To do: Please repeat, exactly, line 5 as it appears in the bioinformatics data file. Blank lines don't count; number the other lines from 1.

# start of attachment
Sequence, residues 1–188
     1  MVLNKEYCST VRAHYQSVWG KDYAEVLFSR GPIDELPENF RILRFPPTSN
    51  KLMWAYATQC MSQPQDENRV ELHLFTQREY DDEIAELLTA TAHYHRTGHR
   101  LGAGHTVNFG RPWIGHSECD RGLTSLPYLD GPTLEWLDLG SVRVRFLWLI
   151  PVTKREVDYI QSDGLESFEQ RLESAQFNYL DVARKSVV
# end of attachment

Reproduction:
   151  PVTKREVDYI QSDGLESFEQ RLESAQFNYL DVARKSVV